A novel small molecule Met inhibitor induces apoptosis in cells transformed by the oncogenic TPR-MET tyrosine kinase

Martin Sattler, Yuri B. Pride, Patrick Chi-Chung Ma, Jessica L. Gramlich, Stephanie C. Chu, Laura A. Quinnan, Sheri Shirazian, Congxin Liang, Klaus Podar, James G. Christensen, Ravi Salgia

Research output: Contribution to journalArticlepeer-review

224 Scopus citations


The Met receptor tyrosine kinase has been shown to be overexpressed or mutated in a variety of solid tumors and has, therefore, been identified as a good candidate for molecularly targeted therapy. Activation of the Met tyrosine kinase by the TPR gene was originally described in vitro through carcinogen-induced rearrangement. The TPR-MET fusion protein contains constitutively elevated Met tyrosine kinase activity and constitutes an ideal model to study the transforming activity of the Met kinase. We found, when introduced into an interleukin 3-dependent cell line, TPR-MET induces factor independence and constitutive tyrosine phosphorylation of several cellular proteins. One major tyrosine phosphorylated protein was identified as the TPR-MET oncoprotein itself. Inhibition of the Met kinase activity by the novel small molecule drug SU11274 [(3Z)-N-(3-chlorophenyl)-3-({3,5-dimethyl-4-[(4-methylpiperazin-1-yl)car-bonyl] -1H-pyrrol-2-yl}methylene)-N-methyl-2-oxo-2,3-dihydro-1H-indole-5-sulfonamide] led to time- and dose-dependent reduced cell growth. The inhibitor did not affect other tyrosine kinase oncoproteins, including BCR-ABL, TEL-JAK2, TEL-PDGFβR, or TEL-ABL. The Met inhibitor induced G1 cell cycle arrest and apoptosis with increased Annexin V staining and caspase 3 activity. The autophosphorylation of the Met kinase was reduced on sites that have been shown previously to be important for activation of pathways involved in cell growth and survival, especially the phosphatidylinositol-3′-kinase and the Ras pathway. In particular, we found that the inhibitor blocked phosphorylation of AKT, GSK-3β, and the pro-apoptotic transcription factor FKHR. The characterization of SU11274 as an effective inhibitor of Met tyrosine kinase activity illustrates the potential of targeting for Met therapeutic use in cancers associated with activated forms of this kinase.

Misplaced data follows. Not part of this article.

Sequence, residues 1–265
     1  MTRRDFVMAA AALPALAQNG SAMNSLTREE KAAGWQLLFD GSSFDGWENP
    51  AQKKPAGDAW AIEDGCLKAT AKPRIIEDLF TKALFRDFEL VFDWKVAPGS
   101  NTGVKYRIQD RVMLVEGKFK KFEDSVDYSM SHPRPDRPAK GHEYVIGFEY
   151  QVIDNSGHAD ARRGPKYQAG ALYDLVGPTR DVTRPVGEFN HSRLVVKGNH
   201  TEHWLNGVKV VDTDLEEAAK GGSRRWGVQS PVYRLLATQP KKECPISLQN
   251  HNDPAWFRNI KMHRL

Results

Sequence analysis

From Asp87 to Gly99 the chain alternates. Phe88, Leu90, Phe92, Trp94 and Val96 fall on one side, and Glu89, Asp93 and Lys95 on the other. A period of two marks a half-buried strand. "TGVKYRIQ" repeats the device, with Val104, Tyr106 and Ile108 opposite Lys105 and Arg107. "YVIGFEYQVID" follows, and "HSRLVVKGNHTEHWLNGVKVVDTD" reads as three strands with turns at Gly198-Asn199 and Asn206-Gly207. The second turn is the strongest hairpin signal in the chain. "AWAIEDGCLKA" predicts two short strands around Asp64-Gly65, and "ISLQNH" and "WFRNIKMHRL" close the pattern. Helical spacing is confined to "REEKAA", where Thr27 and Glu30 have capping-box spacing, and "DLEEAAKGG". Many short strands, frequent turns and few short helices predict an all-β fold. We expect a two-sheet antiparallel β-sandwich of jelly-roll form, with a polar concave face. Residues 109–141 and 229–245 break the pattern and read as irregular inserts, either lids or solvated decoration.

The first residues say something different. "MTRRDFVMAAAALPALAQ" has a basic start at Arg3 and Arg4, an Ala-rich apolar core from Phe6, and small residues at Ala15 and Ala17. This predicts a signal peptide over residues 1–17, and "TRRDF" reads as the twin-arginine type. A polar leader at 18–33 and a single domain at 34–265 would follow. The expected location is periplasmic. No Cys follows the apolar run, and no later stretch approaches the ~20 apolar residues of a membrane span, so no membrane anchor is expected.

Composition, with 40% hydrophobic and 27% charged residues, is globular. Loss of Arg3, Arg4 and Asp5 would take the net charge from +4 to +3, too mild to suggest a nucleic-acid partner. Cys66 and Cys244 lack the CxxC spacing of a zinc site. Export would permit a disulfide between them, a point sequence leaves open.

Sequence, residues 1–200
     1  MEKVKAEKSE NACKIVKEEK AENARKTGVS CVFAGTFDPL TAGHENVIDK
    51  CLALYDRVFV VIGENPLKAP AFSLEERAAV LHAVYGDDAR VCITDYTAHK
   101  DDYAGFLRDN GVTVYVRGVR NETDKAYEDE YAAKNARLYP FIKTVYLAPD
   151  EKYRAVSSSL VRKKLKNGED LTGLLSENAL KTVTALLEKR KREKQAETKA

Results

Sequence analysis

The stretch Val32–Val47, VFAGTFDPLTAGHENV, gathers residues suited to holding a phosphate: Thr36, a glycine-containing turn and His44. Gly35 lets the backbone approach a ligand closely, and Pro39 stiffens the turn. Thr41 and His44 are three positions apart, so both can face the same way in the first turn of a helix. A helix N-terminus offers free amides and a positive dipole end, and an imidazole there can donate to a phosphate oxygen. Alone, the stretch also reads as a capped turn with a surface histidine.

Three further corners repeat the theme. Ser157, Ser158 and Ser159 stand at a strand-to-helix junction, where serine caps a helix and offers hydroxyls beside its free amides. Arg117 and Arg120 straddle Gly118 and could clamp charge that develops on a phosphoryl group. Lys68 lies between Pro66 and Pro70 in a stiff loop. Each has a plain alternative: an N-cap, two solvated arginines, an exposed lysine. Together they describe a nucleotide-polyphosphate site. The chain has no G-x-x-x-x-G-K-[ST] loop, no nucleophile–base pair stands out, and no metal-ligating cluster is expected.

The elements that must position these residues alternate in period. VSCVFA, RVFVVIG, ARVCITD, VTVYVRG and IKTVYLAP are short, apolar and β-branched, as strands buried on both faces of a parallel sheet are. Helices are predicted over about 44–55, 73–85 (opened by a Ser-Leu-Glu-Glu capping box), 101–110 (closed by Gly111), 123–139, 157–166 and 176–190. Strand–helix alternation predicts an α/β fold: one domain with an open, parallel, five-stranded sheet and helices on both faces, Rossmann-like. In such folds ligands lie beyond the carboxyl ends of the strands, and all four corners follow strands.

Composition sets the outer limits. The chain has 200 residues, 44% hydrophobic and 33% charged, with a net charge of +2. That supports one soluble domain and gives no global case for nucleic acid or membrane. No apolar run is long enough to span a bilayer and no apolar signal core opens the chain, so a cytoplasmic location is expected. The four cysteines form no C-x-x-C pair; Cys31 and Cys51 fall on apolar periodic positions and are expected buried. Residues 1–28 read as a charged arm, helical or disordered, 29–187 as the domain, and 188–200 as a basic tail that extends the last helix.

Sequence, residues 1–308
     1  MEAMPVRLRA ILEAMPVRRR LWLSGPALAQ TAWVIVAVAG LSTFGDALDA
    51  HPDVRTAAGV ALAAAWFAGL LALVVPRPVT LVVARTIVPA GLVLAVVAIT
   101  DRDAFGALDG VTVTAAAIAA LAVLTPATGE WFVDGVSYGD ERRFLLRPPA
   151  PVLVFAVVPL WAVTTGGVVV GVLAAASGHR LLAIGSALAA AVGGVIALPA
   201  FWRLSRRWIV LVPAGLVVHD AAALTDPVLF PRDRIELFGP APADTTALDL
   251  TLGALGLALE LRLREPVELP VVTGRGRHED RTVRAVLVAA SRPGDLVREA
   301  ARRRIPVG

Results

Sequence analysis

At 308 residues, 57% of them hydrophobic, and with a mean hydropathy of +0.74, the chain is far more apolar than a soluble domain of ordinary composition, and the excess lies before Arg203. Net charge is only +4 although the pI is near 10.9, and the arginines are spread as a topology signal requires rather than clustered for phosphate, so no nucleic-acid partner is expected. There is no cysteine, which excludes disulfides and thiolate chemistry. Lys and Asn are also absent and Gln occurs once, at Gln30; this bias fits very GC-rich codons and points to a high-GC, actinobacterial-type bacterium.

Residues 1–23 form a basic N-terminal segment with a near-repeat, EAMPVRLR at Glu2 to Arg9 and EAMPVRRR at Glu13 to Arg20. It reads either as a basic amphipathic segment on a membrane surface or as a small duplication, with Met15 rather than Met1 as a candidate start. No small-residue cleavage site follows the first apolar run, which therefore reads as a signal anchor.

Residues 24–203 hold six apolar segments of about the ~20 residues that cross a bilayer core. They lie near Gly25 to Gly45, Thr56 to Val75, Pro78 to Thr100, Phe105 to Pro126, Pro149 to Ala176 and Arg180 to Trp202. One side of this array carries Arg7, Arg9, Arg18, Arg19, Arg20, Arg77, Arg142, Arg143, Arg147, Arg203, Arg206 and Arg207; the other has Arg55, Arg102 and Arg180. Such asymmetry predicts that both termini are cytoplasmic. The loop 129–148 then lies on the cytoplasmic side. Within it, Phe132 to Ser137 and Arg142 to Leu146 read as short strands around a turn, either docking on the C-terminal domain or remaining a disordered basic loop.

Original languageEnglish (US)
Pages (from-to)5462-5469
Number of pages8
JournalCancer Research
Issue number17
StatePublished - Sep 1 2003

All Science Journal Classification (ASJC) codes

  • Oncology
  • Cancer Research


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